delivered the opinion of the court:
Appellant, the Interstate Iron and Steel Company, was incorporated under the laws of Illinois in 1905 with a capital stock of $400,000, divided into 4000 shares of the par value of $100 each. The stock was later increased and from time to time decreased, and on July 20, 1929, the authorized capital stock was $5,743,300. Of that stock 17,433 shares were of the par value of $100 each and were preferred stock, and 40,000 shares, of the par value of $100, were common stock. July 20, 1929, appellant’s articles of incorporation were amended. The amendment changed the par value and number of shares of common stock from 40,000 shares of the par value of $100 to 200,000 shares of no par value. It was provided that the holders of each share of common stock of the par value of $100 should receive in lieu of it five shares of common stock of no par value. In addition to- its preferred stock in amount of $1,743,300 and its common stock of $4,000,000 the corporation had a surplus of $4,586,932.20, which was not capitalized or set over to capital stock account. The Secretary of State required the corporation to pay, in addition to the $20 provided by section 97 of the Corporation act, (Smith’s Stat. 1929, chap. 32, p. 743,) an initial fee of one-twentieth of one per cent based upon said surplus and amounting to $2293.47 and a like amount as a fran*424chise tax. The corporation had previously paid the initial fee and franchise tax on all of its preferred and common stock before the date of the amendment. Appellant, upon receiving such demand in amount of $4,586.94, paid it under protest and filed a bill to enjoin the Secretary of State from paying the money over to the State Treasurer. The circuit court of Sangamon county sustained a demurrer to and dismissed the bill. The corporation appealed.
Appellant insists the Secretary of State was not entitled to collect an initial fee and also a franchise tax of one-twentieth of one per cent based upon the amount of the surplus of the corporation. It contends the initial fee and franchise tax as to no par value stock can be based only upon the amount of the capital stock, which is determined by the amount of the consideration received or to be received by the corporation for such shares of stock. It is stated the corporation received nothing for the 200,000 shares of no par value common stock except the amount originally received for the 40,000 shares of par value common stock, and the initial fee and franchise tax had already been paid upon the amount representing the capital stock. There was no addition, it is claimed, to the capital stock by the amendment. The tax is a franchise tax and not a property tax or a tax upon the corporation surplus. The number of shares was changed but there was no increase in the capital stock, and appellant’s contention is that no tax was due on such change unless the capital stock was increased or the corporation had received or was to receive something for such stock. It is also contended by appellant that where the shares of stock are changed by an amendment and the capital stock is not increased, then nothing is received or to be received by the corporation within the meaning of the statute. Sections 96 and 105 of chapter 32 (Smith’s Stat. 1929, pp. 742, 744,) are involved. Roberts & Schaefer Co. v. Emmerson, 313 Ill. 137, (affirmed by the Supreme Court of the United States in 271 U. S. 50,) *425Armstrong v. Emmerson, 300 Ill. 54, and O’Gara Coal Co. v. Emmerson, 326 id. 18, were decided before the 1927 amendments to sections 96 and 105 of the Corporation act but have some bearing upon the questions here involved.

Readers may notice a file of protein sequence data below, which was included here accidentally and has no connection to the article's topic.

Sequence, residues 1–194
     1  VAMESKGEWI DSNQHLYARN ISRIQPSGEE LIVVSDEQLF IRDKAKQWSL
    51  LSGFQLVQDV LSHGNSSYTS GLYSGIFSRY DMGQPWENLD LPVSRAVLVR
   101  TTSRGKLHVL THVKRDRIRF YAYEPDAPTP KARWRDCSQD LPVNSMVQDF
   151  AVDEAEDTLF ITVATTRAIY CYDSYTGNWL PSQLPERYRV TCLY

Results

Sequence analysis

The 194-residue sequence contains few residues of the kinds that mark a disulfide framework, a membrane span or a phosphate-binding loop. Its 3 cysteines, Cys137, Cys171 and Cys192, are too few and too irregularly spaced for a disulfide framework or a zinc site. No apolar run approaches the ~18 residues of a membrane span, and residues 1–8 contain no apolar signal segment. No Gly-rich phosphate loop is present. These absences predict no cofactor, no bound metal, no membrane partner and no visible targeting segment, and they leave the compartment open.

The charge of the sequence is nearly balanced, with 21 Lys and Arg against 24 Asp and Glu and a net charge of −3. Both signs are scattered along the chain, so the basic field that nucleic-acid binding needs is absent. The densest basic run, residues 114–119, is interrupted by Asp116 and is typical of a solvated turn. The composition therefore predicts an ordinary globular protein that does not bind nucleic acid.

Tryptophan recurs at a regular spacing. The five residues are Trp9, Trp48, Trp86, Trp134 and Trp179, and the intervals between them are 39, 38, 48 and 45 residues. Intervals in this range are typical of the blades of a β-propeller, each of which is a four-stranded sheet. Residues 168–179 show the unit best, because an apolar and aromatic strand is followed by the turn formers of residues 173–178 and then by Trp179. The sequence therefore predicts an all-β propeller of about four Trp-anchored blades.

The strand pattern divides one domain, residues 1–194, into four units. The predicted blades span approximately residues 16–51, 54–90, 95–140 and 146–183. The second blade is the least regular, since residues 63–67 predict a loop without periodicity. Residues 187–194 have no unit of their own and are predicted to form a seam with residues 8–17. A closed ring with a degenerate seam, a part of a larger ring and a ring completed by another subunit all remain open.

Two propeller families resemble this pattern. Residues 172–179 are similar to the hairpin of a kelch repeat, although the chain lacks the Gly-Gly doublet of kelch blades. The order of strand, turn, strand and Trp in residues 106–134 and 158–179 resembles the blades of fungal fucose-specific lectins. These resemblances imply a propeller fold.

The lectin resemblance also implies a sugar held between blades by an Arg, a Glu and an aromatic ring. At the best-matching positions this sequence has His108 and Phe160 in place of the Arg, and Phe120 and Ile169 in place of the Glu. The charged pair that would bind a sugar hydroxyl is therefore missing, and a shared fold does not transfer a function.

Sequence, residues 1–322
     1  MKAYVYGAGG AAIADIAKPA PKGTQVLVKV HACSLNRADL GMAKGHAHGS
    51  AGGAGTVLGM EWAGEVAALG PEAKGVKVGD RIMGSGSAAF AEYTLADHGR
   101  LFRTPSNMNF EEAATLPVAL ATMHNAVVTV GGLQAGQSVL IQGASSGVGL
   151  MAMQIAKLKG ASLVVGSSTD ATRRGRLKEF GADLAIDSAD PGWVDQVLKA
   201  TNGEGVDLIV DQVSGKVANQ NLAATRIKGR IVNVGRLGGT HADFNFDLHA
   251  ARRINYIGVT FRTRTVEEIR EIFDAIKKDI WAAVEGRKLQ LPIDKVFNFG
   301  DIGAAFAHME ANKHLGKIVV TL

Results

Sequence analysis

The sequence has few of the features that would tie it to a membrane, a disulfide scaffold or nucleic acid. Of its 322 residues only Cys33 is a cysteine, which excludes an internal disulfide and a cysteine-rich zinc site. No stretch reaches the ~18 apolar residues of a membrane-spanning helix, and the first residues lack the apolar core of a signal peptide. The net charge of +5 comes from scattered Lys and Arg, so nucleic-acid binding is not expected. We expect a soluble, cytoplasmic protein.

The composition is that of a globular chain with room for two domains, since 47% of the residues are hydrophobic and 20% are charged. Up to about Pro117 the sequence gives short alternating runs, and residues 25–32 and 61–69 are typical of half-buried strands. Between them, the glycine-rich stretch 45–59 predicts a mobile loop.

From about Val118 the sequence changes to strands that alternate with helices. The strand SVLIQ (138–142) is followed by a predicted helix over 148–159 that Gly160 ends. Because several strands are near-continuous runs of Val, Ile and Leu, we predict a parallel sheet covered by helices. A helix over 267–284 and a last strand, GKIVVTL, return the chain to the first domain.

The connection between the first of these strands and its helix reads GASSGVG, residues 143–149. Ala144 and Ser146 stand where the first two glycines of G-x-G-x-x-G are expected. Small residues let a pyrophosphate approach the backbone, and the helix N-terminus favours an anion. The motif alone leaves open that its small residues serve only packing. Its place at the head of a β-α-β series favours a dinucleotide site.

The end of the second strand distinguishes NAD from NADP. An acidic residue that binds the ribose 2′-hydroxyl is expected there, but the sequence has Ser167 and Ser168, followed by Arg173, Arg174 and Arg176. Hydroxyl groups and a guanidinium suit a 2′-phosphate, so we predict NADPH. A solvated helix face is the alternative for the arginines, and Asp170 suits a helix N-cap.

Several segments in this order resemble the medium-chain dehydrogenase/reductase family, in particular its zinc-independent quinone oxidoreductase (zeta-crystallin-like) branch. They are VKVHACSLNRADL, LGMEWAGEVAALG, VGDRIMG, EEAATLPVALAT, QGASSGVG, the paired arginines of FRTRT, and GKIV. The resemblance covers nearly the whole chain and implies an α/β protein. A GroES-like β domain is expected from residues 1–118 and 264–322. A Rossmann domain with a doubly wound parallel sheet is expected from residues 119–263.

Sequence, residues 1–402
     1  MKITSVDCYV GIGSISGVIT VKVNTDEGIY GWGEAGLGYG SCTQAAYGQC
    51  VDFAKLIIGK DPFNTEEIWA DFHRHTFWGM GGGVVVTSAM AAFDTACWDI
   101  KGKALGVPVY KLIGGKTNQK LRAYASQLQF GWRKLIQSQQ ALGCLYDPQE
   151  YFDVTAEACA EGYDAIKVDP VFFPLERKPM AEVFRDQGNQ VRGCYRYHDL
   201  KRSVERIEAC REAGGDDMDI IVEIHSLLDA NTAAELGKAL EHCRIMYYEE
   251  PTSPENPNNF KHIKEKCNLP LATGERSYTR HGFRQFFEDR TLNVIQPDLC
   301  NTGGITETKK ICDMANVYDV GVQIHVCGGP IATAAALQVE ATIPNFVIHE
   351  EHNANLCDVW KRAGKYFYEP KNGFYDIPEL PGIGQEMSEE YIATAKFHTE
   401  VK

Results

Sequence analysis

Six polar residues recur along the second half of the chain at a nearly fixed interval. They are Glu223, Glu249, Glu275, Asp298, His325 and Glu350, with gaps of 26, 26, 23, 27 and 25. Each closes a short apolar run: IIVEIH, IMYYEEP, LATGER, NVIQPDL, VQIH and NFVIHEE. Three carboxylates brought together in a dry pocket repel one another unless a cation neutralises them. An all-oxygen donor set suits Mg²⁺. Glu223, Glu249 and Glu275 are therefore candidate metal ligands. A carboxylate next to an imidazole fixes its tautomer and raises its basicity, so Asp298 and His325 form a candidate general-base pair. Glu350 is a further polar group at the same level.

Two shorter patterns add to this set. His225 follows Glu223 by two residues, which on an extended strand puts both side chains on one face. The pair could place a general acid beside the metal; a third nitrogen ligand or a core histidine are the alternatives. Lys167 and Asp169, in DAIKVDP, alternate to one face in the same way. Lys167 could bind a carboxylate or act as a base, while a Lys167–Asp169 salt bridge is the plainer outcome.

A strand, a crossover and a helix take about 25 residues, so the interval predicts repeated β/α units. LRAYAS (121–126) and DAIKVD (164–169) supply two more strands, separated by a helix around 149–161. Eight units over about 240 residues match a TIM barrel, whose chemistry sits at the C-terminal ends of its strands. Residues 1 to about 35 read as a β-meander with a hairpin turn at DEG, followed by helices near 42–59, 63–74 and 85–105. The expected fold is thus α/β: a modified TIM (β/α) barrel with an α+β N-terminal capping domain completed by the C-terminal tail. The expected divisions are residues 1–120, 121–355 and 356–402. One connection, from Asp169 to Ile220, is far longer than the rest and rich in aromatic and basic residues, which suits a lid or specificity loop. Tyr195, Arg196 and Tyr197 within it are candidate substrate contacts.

Appellee concedes that appellant had previously paid the initial fee and franchise tax due on the old stock, and states the additional fee and franchise tax assessed in this case was computed upon the actual value of the old common par value stock, which was surrendered and received by appellant in payment for the 200,000 shares of new common stock with no par value. Appellee contends that by the surrender of the old common stock appellant received rights or interest or capital represented by such stock for which the new common stock of no par value was issued. Shares of stock of no par value may be issued for any consideration not less than $5 nor more than $100 per share, to be paid in cash or property. Appellee insists the par value of appellant’s stock of $4,000,000 and its surplus amount of $4,586,932.20 constituted the value of the shares of the old common stock at the time they were exchanged for the new shares of no par value common stock, and that an additional initial fee and franchise tax was required to be paid. In our opinion this is not a correct application of the requirements of the Corporation act. As we understand it, the capital stock of appellant was not changed by the amendment of its articles of incorporation in 1929, and the initial fee and franchise tax required by the Secretary of State must be measured by the amount of the consideration received by the corporation for such stock. By the amendment the old par value common stock was to be surrendered, one share for five shares of the new no par value common stock. This neither increased nor decreased the amount of capital stock, and we do not understand the corporation received or was to receive anything of value in the exchange of par value stock for no par value stock. The Secretary of State was not authorized to collect the initial fee *426and franchise tax, and the court erred in sustaining the demurrer to and dismissing the bill.
The decree of the circuit court is reversed and the cause remanded, with directions to overrule the demurrer.
Reversed and remanded, with directions.